The logic of mediocrity continues alive and well. In the recent election of the president of the National Commission on Human Rights (CNDH), the Senators overlooked the candidate with the most complete profile: that rare mix of experience, knowledge of the issue, strength, and serenity that Emilio Álvarez Icaza has. The political interests didn’t dare to elect an uncomfortable ombudsman, although this is the reason for being for a defender of human rights: to be uncomfortable to those in power.He has an interesting historical explanation for it, one I'd not heard before. In the years of the presidential dedazo determining who would rise to power, docility and quiet competence were the ideal qualities for an ambitious pol, not standout performance. In effect, there was a system-wide reward for mediocrity.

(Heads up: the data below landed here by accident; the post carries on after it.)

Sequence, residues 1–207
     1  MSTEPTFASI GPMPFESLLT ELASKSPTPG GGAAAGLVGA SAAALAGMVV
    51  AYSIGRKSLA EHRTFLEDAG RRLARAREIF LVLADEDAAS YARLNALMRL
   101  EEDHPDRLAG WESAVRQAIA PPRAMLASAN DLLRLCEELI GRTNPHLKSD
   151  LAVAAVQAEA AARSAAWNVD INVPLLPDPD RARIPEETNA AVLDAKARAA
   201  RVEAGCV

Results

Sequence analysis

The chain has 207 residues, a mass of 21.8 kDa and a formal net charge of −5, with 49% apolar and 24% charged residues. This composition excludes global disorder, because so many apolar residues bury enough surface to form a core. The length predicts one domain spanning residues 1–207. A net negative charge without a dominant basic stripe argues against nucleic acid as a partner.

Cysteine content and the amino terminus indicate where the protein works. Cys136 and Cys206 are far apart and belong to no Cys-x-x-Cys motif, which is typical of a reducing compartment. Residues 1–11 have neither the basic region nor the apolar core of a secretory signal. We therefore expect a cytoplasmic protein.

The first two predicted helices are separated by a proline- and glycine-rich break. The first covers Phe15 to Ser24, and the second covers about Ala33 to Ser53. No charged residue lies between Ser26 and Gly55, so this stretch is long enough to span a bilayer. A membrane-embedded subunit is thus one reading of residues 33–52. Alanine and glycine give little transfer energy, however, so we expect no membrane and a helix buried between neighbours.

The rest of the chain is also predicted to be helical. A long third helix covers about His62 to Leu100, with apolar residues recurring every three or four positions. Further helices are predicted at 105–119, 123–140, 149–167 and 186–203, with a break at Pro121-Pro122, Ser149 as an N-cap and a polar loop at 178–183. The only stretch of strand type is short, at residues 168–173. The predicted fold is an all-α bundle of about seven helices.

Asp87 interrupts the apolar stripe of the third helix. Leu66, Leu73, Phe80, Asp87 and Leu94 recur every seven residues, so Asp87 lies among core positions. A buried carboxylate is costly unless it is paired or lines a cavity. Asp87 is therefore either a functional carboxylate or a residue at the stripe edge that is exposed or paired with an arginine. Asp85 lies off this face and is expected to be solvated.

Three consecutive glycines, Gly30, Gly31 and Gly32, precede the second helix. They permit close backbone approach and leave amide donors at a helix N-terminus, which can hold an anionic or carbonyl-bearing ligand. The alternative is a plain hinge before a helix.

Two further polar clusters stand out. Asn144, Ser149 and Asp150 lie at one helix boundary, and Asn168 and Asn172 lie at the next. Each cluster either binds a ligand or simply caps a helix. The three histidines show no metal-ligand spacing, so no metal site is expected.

The same thing that happened in the CNDH and in the IFE repeats itself in other crucial spaces of the republic, the brown-nosers arrive, those who assure the interests of those who put them there, that’s why the organizations have decayed and very little is left of their autonomy.
Another practice that prevails is that of quotas and exchanges between the parties. That’s why, when we are on the brink of settling other crucial elections --namely, those of the two ministers of the Supreme Court and the governorship of the Bank of Mexico—there are bad signals.
But if that is, irredeemably, the logic of the powerful, we citizens focus on watching them, scrutinizing, verifying the fulfillment of their responsibilities…
Thursday, November 19, 2009
Alfonso Zárate is angry about the mediocrity that prevails among Mexico's political leaders: